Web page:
The PHB (Player’s Handbook; hardcover on its way, pdf got leaked) was quite impressive in its own way. Even though I miss the warlord of 4e (even though you could get a fighter as a Battle Master part of that way, he can’t replace a genuine healer), most other classes were there and some better than ever before imo (like the warlock).
Every class had some options to customize, like the archetypes, and even though there was always an easy version of the class, there was a more complicated but not less powerful option. It’s easy to play a fighter as a champion, getting deadlier with every trait and score critical hits more often than any other class, but as an eldritch knight you get actually magic, without even multiclassing and thus more options outside your expertise.

To not overload the first post of the blog, I summarize my overall impressions so far:

  • Lower power-level for PCs and most monsters, some antagonists are as deadly as they should be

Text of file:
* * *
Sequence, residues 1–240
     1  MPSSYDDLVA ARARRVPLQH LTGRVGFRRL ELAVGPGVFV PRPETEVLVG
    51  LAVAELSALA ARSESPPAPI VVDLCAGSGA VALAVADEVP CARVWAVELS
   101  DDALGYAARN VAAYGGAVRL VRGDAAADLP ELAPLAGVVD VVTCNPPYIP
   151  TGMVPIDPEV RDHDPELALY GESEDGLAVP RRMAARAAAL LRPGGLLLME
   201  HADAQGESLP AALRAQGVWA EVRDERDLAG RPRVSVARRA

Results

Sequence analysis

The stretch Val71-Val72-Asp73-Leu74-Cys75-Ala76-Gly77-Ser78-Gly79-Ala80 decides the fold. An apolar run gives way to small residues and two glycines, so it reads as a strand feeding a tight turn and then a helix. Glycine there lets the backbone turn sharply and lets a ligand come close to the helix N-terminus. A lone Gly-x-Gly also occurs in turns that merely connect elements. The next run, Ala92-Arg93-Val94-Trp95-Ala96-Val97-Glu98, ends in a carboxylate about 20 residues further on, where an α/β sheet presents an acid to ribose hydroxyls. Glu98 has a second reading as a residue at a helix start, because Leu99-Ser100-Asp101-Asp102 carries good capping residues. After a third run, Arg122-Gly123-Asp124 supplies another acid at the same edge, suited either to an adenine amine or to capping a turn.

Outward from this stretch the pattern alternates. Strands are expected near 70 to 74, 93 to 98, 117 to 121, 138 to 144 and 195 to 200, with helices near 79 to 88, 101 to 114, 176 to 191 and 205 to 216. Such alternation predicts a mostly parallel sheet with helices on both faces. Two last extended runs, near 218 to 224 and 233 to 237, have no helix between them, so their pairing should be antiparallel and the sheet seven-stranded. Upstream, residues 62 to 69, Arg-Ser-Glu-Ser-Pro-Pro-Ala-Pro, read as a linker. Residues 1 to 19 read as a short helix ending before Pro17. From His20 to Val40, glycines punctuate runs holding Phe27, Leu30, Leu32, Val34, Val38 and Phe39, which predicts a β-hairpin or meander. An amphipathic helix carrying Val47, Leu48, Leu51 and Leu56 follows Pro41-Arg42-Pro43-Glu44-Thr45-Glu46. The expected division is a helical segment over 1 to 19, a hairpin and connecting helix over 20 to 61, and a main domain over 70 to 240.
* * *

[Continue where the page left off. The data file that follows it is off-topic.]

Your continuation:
• less customization-options as before, but first there is always space of making new archetypes and thus new traits and combinations for classes
  • design space for campaign specific class-options (like “war wizard of cormyr” as an arcane tradition instead a school of magic), which is imo better than adding new rule sets or even whole classes
  • I didn’t like the spells of 3e and am glad that spellcasting is less variable, depending on the stuff a caster has

I’m going into the 5e with a positive attitude, I don’t think it’s a perfect system, but it’ll definitely work for me! If you like 5e, too, I hope that you’ll find this blog interesting.

There is a lot to talk about, next time I’ll pick one specific thing and elaborate it. Stay tuned!

This is the illustration of Mordenkaine's Sword in the PHB. If the wizard's 'sword' is too short, he have to use magic to make a bigger one! ;)